Orson Pratt, “An Interesting Account of Several Remarkable Visions, and of the Late Discovery of Ancient American Records,” Ballantyne and Hughes, Edinburgh, Scotland, May 1840. Joseph Smith, Jr., “Church History,” Nauvoo Times and Seasons, 1 March 1842, Nauvoo, Illinois. 3:707 (706-710); also HC 4:535-541.
 Martin Harris: David B. Dille, letter, 15 Sep 1853, in Dan Vogel, Early Mormon Documents 2:298-99. Hyde, John. Mormonism: Its Leaders and Designs. W.P. Fetridge, New York, 1857, p. 243-4. I will report stacking inefficiencies as the percentage of the actual stack height relative to the optimal stack height. Thus, a solid block would have an inefficiency of 0%; a stack where each plate occupied twice its height would have an inefficiency of 100%.
 William Smith interview, The Saints’ Herald, 4 October 1884, p. 644.
 Martin Thomas Lamb, The Golden Bible, or The Book of Mormon, Is It from God? (New York: Ward & Drummond, 1887), p. 245-50.
 B. F. Cummings, “Weight of the Plates,” Liahona: The Elders’ Journal, 18 July 1908, pp. 108-10.
 The book chapter expanded a 1923 article. Janne M. Sjodahl, “The Book of Mormon Plates,” Improvement Era, April 1923, as reprinted in JBMS 10(1, 2001):22-24. Janne M. Sjodahl, An Introduction to the Study of the Book of Mormon (Salt Lake City: Deseret News Press, 1927), p. 35-46.
 He questions whether Smith “had charge of the sealed part of the volume, as well as of the part that was not sealed.” He quotes Orson Pratt: “…about two-thirds were sealed up, and Joseph was commanded not to break the seal; that part of the record was hid up,” (emphasis in Sjödahl) interpreting “hid up” to possibly mean that “the sealed part was hidden somewhere when the translation of the other part was in progress,” which would obviate the weight concern. I find his evidence weak and the counter-evidence strong.
 He quoted Smith’s 6″ estimate in the chapter. Since he was responding to Lamb, he needed to use the same dimensions as him, but Lamb did not then turn about and make an argument about the plates’ weight. What was a “fair” assumption for the information density question becomes a major-favorable-under-estimation for the weight question. Using the six-inch height, the “raw” weight becomes 188 pounds, which becomes 127 pounds for 135 plates. Whereas originally he only had to assume a 40% reduction due to stacking inefficiency, engraving, and alloying, with the six-inch numbers he would have to assume a 61% reduction to arrive at the same 50-pound final weight.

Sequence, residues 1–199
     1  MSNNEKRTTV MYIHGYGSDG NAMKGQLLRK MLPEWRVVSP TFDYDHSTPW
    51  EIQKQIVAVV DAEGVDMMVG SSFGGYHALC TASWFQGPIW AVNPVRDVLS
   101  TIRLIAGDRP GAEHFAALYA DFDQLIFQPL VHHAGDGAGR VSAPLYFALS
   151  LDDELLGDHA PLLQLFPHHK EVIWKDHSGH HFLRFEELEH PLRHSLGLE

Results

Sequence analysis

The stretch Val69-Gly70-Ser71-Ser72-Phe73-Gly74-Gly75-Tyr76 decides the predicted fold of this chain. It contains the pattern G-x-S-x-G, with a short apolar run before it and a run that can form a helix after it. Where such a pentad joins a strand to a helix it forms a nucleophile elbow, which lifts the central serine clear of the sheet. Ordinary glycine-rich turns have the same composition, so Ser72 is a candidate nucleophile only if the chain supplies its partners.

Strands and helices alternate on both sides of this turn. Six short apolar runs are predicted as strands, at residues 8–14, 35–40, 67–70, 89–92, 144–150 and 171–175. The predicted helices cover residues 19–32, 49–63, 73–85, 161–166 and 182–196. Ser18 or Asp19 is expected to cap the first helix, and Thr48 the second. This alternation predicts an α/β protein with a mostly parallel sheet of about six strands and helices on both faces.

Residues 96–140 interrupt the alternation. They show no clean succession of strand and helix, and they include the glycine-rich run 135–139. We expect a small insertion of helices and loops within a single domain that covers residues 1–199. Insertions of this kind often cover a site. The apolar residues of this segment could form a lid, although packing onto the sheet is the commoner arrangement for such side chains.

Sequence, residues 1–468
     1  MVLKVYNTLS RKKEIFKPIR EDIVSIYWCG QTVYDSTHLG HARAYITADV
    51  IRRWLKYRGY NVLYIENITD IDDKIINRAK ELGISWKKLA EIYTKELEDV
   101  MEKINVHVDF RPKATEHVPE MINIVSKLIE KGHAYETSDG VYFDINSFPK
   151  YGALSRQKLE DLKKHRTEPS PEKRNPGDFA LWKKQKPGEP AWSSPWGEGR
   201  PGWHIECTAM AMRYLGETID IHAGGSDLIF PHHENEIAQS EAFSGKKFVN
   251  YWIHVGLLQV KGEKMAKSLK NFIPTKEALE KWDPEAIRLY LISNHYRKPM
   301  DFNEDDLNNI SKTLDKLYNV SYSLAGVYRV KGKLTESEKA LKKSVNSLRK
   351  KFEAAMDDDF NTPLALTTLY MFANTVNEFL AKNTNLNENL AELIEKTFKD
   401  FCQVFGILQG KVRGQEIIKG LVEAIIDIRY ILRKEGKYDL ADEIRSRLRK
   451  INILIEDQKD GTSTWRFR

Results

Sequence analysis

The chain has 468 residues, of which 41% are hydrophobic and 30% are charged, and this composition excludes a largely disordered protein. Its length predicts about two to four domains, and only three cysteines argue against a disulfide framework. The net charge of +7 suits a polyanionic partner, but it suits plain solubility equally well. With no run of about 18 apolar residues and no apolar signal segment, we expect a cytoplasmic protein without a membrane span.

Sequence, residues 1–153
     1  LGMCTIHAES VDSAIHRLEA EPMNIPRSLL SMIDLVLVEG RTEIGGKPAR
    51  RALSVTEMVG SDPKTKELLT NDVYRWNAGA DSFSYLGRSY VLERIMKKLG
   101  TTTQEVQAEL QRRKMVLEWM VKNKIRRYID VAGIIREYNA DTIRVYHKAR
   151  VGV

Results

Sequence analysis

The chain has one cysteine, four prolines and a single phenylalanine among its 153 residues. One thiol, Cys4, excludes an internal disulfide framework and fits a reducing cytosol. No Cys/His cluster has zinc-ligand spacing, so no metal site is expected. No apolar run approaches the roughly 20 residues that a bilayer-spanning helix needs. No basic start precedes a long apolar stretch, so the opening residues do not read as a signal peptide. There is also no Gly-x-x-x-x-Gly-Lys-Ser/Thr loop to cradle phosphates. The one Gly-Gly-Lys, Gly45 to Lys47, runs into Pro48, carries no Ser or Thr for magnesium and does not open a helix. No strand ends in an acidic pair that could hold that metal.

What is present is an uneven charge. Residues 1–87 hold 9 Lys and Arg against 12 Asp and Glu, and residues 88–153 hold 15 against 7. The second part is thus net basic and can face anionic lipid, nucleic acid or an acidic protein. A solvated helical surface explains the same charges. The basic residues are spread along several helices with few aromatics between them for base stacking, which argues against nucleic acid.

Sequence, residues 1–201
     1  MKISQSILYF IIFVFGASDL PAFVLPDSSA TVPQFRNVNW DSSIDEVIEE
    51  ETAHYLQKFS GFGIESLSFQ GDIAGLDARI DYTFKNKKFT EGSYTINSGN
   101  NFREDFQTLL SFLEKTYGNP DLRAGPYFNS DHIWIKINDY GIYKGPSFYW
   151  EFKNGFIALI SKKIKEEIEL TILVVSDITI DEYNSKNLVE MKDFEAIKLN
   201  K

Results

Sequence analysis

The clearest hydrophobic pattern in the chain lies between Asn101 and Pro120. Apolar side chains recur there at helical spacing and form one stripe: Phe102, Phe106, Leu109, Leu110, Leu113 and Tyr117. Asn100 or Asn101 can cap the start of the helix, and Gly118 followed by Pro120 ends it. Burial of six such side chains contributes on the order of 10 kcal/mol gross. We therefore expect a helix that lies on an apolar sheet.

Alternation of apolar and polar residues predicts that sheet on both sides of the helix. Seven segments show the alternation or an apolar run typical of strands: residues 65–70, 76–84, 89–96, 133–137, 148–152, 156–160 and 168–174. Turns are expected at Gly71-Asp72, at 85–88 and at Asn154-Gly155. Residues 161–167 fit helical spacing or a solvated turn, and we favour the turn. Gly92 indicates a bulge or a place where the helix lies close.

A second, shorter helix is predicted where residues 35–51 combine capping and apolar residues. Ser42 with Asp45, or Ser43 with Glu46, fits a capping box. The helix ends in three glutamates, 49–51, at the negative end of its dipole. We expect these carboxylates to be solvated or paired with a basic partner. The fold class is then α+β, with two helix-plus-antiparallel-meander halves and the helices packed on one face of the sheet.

Reed H. Putnam, “Were the Golden Plates Made of Tumbaga?” Improvement Era 69, no. 9 (Sep 1966):788-9, 828-831. John A. Widtsoe and Franklin S. Harris, Jr. addressed topic in 1937 and Sidney B. Sperry did so in 1964, but I have not examined their arguments. John A. Widtsoe and Franklin S. Harris, Jr., Seven Claims of the Book of Mormon (Independence, MO: Zion’s Printing and Publishing Company, 1937), p. 36-38. Sidney B. Sperry, Problems of the Book of Mormon (Salt Lake City: Bookcraft, 1964).
 Ash (1998) rehashes Putnam’s analysis bolstered by a 1984 paper by Heather Lechtman, “Pre-Columbian Surface Metallurgy,” and an analysis by Robert Smith (“The ‘Golden’ Plates,” 1992). See also Henrichsen (2001).
 Roy W. Doxey, “I Have a Question,” Ensign, Dec. 1986, 65. John Gee, “Epigraphic Considerations on Janne Sjodahl’s Experiment with Nephite Writing,” JBMS, 10(1, 2001):25.